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Quantum computing firm calls 'bullshit' as scientists undermine its technology

Sharif Sakr
June 20, 2014
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How do you evaluate a quantum computer you just bought from D-Wave for $15 million? It's not easy, especially since no one can really understand how the machine -- with its ones, zeros and superpositioned "one-and-zeros" -- actually functions. Instead, all you can do is throw increasingly complex questions at it, and hope that it answers them quicker than a top-end classical computer. This quest for evidence of so-called "quantum speeedup" has been going on for a while, with little in the way of positive results. Now, a freshly-published collaborative study involving Google (owner of a D-Wave box), Microsoft (owner of some very advanced traditional tech), and a team of university scientists, has achieved new results that are equally disappointing. Science magazine describes the study as "the fairest comparison yet." D:Wave's founder, meanwhile, has described it as "total bullshit."

The dispute partly arises over the choice of questions that were run through each type of machine. The latest study deliberately used questions that both computers could readily answer, and D-Wave claims that these were too simple. The company has also pointed out that it's a "scrappy startup," whereas the rival classical machine had the benefit of decades of research and trillions of dollars of investment, so it's pretty remarkable that the quantum computer was even able to keep up. By contrast, the university-backed researchers say that their comparison was based on challenges that were tailored to be extremely easy for qubit-based processing, so there could and should have been evidence of speedup if quantum mechanics are truly being exploited.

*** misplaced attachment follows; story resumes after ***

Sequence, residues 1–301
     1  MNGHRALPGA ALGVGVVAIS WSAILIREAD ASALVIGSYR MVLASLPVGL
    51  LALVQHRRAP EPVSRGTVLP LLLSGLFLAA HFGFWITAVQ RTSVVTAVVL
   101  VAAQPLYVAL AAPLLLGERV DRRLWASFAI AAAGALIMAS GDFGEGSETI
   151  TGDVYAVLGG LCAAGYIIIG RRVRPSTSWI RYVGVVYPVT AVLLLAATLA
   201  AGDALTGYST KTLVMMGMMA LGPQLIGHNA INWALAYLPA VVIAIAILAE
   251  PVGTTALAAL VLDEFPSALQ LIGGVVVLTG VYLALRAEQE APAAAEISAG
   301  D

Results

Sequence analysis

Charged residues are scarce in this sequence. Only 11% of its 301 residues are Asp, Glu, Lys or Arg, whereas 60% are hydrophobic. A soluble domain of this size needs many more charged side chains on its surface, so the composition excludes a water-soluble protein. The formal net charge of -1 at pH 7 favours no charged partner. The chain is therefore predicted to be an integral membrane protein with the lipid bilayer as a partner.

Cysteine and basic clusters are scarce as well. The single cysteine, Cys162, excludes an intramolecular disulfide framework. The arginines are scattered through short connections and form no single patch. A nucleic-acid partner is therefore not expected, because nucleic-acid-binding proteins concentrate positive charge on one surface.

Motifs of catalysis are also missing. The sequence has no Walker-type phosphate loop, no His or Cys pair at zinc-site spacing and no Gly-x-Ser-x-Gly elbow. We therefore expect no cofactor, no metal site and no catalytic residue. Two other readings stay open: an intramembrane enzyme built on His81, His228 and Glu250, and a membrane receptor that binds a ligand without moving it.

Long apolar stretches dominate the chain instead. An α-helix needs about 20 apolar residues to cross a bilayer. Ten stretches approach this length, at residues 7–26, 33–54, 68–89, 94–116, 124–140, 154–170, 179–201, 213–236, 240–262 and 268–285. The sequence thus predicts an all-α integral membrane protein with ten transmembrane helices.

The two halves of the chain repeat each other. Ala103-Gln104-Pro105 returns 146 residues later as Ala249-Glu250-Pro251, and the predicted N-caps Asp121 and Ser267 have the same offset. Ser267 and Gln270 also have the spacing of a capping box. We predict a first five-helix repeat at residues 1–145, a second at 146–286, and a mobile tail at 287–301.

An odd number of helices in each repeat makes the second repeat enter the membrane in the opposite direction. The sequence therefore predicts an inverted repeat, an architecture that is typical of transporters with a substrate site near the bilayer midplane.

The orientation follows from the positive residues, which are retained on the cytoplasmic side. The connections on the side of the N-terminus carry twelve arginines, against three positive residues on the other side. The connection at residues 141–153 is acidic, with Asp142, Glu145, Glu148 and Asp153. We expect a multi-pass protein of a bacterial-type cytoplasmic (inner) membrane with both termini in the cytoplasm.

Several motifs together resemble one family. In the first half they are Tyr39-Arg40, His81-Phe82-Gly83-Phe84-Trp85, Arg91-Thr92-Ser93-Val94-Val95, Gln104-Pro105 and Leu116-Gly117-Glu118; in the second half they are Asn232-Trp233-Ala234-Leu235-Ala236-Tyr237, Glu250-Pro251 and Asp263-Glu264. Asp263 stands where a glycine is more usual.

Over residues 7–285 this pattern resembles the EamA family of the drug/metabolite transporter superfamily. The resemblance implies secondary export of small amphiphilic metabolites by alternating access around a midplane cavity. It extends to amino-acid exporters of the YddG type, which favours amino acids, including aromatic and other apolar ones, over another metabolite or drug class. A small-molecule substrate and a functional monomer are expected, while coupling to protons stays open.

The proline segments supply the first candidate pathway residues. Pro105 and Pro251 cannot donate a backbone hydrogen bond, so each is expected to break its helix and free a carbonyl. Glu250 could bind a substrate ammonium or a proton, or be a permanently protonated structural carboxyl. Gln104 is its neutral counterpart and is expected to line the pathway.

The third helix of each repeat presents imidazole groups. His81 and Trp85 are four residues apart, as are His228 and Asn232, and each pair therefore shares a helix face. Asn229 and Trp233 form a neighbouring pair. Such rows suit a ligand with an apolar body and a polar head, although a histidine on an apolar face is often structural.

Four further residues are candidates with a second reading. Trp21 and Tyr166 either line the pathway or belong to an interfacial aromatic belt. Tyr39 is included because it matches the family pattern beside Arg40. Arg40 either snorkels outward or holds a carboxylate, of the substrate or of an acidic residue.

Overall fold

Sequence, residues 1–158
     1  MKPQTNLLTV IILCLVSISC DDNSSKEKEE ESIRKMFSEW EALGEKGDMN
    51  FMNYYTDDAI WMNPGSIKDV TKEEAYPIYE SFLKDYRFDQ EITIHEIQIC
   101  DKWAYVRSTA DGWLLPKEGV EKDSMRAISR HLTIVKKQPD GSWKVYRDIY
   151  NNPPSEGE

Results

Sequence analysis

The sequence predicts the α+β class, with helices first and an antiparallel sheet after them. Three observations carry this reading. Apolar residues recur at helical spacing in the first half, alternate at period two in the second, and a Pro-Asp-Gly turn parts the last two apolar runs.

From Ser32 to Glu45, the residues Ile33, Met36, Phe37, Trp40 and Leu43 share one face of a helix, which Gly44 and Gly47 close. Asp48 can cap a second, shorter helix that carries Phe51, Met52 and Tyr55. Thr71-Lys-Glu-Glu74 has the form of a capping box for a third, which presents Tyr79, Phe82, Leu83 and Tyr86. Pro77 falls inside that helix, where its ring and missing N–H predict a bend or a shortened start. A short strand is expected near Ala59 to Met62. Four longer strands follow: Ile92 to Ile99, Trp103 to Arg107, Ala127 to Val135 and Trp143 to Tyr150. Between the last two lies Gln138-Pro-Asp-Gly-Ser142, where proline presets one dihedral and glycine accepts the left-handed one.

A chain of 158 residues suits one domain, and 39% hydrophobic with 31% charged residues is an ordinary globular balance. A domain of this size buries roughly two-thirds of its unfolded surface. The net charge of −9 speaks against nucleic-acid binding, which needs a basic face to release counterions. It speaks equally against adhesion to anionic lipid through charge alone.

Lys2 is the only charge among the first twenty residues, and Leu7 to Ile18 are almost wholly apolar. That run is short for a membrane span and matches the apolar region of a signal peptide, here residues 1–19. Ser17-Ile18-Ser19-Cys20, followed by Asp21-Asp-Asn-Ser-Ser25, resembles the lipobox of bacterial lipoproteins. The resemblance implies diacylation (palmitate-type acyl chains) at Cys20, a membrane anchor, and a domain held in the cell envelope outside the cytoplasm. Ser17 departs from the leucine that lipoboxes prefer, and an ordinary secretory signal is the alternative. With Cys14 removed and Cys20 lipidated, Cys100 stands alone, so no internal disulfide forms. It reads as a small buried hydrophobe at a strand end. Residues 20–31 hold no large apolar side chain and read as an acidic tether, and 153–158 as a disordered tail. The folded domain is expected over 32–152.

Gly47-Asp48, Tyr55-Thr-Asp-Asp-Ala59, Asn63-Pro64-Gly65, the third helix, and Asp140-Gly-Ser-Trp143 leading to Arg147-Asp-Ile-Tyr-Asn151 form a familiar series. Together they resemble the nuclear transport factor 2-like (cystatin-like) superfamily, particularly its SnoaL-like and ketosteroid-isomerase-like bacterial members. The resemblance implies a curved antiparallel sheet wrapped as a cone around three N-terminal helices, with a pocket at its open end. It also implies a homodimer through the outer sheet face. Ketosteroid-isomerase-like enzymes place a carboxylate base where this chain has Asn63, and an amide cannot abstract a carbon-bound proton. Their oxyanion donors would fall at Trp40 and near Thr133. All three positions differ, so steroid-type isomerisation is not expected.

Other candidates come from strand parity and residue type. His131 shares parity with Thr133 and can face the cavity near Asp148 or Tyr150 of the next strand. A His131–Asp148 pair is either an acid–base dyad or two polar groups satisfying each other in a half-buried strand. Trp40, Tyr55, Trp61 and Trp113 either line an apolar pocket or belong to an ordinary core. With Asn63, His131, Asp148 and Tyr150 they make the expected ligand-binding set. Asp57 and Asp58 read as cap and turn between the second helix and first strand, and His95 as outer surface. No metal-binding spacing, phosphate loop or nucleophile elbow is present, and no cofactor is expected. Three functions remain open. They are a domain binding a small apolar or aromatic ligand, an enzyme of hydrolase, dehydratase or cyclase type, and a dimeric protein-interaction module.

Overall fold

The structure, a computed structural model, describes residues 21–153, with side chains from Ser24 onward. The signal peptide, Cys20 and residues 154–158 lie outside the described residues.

It's not clear where things will go from here. The study has a conclusive-sounding tone, as does one of its lead researchers, Matthias Troyer from the Institute of Theoretical Physics in Zurich, who simply says "we don't see quantum speedup." Then again, Troyer acknowledges that other sorts of tests may reveal the phenomenon "eventually." Perhaps the onus is now on D-Wave to find some way to silence the skeptics, not just by keeping up with standard technology, but by surpassing it in a meaningful way. Whatever happens next, it sounds like relations between D-Wave and the scientific community are becoming fractured -- and that sort of tension will either speed progress up, or slow it right down.

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